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Sample Set Information

ID TSE1303
Title Exploring molecular backgrounds of quality traits in rice by predictive models based on high-coverage metabolomics
Description BACKGROUND:

Increasing awareness of limitations to natural resources has set high expectations for plant science to deliver efficient crops with increased yields, improved stress tolerance, and tailored composition. Collections of representative varieties are a valuable resource for compiling broad breeding germplasms that can satisfy these diverse needs.

Here we show that the untargeted high-coverage metabolomic characterization of such core collections is a powerful approach for studying the molecular backgrounds of quality traits and for constructing predictive metabolome-trait models. We profiled the metabolic composition of kernels from field-grown plants of the rice diversity research set using 4 complementary analytical platforms. We found that the metabolite profiles were correlated with both the overall population structure and fine-grained genetic diversity. Multivariate regression analysis showed that 10 of the 17 studied quality traits could be predicted from the metabolic composition independently of the population structure. Furthermore, the model of amylose ratio could be validated using external varieties grown in an independent experiment.

Our results demonstrate the utility of metabolomics for linking traits with quantitative molecular data. This opens up new opportunities for trait prediction and construction of tailored germplasms to support modern plant breeding.

Authors Redestig H, Kusano M, Ebana K, Kobayashi M, Oikawa A, Okazaki Y, Matsuda F, Arita M, Fujita N, Saito K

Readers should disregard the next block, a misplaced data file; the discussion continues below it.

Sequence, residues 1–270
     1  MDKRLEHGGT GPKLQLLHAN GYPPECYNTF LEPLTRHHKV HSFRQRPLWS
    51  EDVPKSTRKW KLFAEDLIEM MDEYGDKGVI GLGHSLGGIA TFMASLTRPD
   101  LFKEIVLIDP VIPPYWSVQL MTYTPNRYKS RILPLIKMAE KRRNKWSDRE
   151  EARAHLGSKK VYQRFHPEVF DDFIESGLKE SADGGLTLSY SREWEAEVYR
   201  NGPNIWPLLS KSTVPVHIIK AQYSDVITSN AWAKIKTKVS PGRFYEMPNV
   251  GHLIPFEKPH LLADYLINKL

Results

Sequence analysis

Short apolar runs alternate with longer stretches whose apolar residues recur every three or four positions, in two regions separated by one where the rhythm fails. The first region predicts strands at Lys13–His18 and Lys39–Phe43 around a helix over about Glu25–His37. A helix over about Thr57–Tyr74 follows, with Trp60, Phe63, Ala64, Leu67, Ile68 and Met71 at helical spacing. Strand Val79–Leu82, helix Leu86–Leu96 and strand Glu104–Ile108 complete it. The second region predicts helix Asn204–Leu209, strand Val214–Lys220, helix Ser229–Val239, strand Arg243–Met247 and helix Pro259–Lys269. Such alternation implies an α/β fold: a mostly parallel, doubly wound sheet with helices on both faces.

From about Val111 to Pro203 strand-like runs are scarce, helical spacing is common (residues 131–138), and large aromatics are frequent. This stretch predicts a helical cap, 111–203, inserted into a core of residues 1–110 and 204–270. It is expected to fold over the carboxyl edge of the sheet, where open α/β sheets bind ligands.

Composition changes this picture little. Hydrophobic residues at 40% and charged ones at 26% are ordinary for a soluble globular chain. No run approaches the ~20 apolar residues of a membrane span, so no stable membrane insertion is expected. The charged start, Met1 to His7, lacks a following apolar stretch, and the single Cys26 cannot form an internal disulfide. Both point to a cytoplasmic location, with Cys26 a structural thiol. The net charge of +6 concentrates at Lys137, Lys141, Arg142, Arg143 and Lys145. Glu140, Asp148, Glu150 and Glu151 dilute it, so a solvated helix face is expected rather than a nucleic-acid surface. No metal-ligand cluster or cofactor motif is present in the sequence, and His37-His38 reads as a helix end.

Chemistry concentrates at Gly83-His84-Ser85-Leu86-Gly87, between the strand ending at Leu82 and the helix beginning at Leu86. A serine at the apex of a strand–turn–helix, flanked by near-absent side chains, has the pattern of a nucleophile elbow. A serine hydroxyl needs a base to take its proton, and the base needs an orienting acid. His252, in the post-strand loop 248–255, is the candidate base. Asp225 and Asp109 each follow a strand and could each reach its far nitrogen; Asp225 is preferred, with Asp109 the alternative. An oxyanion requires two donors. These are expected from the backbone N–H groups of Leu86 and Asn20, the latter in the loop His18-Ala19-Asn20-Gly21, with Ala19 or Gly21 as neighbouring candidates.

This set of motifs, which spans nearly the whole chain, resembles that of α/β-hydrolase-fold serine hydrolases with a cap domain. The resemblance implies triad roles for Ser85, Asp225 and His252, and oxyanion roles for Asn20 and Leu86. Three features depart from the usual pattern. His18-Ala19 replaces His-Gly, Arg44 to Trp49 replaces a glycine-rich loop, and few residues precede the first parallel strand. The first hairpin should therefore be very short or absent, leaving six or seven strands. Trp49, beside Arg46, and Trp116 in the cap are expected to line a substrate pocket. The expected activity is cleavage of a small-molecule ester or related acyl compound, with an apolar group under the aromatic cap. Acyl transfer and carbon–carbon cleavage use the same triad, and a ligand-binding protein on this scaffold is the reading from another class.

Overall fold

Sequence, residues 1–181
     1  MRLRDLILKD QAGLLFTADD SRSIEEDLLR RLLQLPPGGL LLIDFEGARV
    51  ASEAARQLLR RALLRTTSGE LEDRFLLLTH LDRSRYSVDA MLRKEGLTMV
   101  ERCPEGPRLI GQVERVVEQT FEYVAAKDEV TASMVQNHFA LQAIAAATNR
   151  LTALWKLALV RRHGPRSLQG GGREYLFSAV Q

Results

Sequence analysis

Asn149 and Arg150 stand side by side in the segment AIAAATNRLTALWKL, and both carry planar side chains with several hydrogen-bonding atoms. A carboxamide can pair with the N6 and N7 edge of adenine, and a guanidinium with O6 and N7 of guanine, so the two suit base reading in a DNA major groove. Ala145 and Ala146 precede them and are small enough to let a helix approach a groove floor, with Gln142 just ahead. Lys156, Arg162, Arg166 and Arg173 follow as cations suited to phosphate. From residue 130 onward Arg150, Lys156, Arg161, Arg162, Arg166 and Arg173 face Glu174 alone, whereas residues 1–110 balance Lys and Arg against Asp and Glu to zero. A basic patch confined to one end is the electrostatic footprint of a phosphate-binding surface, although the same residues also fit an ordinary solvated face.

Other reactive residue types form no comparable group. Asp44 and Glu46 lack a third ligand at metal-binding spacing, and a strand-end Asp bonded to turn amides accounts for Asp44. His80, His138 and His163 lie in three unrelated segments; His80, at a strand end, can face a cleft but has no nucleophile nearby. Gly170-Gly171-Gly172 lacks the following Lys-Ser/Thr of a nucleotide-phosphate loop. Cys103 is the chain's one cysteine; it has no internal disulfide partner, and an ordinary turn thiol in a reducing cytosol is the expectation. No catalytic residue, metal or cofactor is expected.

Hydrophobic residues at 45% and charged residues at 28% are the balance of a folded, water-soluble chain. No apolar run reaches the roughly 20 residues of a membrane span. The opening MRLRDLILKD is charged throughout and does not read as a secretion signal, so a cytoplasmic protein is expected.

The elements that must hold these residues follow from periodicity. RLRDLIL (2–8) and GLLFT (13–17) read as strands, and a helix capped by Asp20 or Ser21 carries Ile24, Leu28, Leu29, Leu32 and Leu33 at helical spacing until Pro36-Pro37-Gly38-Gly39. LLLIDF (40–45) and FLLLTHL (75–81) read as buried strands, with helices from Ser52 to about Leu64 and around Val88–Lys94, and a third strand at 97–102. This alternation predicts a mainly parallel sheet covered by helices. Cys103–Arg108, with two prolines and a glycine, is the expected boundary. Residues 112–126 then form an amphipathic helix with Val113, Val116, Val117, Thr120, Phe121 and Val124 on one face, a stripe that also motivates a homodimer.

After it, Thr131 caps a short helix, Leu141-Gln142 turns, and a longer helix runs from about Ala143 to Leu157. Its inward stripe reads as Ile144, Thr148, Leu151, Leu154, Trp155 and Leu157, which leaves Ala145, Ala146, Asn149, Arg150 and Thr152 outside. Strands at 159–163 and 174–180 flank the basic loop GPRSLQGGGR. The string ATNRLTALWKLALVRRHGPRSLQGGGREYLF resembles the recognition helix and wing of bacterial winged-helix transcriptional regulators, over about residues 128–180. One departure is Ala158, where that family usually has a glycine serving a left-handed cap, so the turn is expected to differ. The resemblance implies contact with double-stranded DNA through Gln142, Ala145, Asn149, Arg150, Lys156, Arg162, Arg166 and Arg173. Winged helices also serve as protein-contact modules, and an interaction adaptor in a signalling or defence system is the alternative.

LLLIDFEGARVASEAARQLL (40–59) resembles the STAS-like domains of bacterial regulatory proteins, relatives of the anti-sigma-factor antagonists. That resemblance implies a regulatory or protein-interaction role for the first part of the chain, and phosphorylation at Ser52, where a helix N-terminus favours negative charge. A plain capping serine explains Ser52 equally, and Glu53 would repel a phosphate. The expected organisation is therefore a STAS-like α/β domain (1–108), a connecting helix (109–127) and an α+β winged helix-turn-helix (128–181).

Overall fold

Reference BMC Syst Biol. 2011 Oct 28;5:176.

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Analytical Method Details Information

Title Extraction for LC-MS
Instrument HPLC, Waters Acquity UPLC system; MS, Waters Q-Tof Premier
Instrument Type UPLC-QTOF-MS
Ionization ESI
Ion Mode positive and negative
Description BioSource amount

For RDRS and Hoshiyutaka, 100 seeds of each variety were selected according to the average weight and length of seeds. After separating the husks from the seeds, the brown rice seeds obtained were bulked and crushed by using a Retsch mixer mill MM301 at a frequency of 20 Hz for 2 min at 4 °C. Successively, the obtained powder was divided into three to four pools. For external set of samples harvested in Akita, 100 seeds of each biological replicate were selected and crushed in the same way as RDRS.

Extraction for LC-MS
100 mg of each sample was extracted with extraction buffer [methanol/water (5:95, v/v)] at a concentration of of 100 mg/ml using a Retsch mixer mill MM310 at a frequency of 20 Hz for 10 min at 4°C. After centrifugation for 10 min at 15,000 x g, 500 µl of the supernatant was transferred into a tube and diluted in 0.1% acetic acid solution. and then it was filtered using an Oasis® HLB µ-elusion plate (30 µm, Waters Co., Massachusetts, USA). The extracts ca. 0.1 mg of each sample) were evaporated to dryness in an SPD2010 SpeedVac® concentrator.The extracts were dissolved by 200 µl of water containing five reference compounds as follows:
0.5 mg/l of lidocaine,
1.0 mg/l of ampiciline,
1.0 mg/l of torperizone,
0.5 mg/l of 10-camphor sulfonic acid and
1.0 mg/l of 2-naphthalene-4-sodium sulfate.

LC-q-TOF-MS conditions
After filtration of the extracts (Ultrafree-MC, 0.2 µm pore size;Millipore), 5 µl of extracts (ca. 0.1 mg each sample) was analyzed using an LC-MS system equipped with an electrospray ionization (ESI) interface (HPLC, Waters Acquity UPLC system; MS, Waters Q-Tof Premier). The analytical conditions were as follows. HPLC: column, Acquity bridged ethyl hybrid (BEH) C18 (pore size 1.7 µ m, length 2.0 x 100 mm, Waters); solvent system, acetonitrile (0.1% formic acid):water (0.1% formic acid); gradient program, 1:99 v/v at 0 min, 1:99 v/v at 0.1 min, 64.0 : 0.5 at 10.0 min, 99.5 : 0.5 at 11.5 min, 1:99 v/v at 11.6 min and 1:99 at 14.0 min; flow rate, 0.3 ml min−1; temperature, 38°C; MS detection: capillary voltage, +3.0 keV; cone voltage, 23 V for positive mode and 35 V for negative mode; source temperature, 120°C; desolvation temperature, 450°C; cone gas flow, 50 l h−1; desolvation gas flow, 800 l/ h; collision energy, 2 V for positive mode and 5 V for negative mode ; detection mode, scan (m/z 100–2000; dwell time 0.45 sec; interscan delay 0.05 sec, centroid). The scans were repeated for 14.0 min in a single run. The data were recorded using MassLynx version 4.1 software (Waters).


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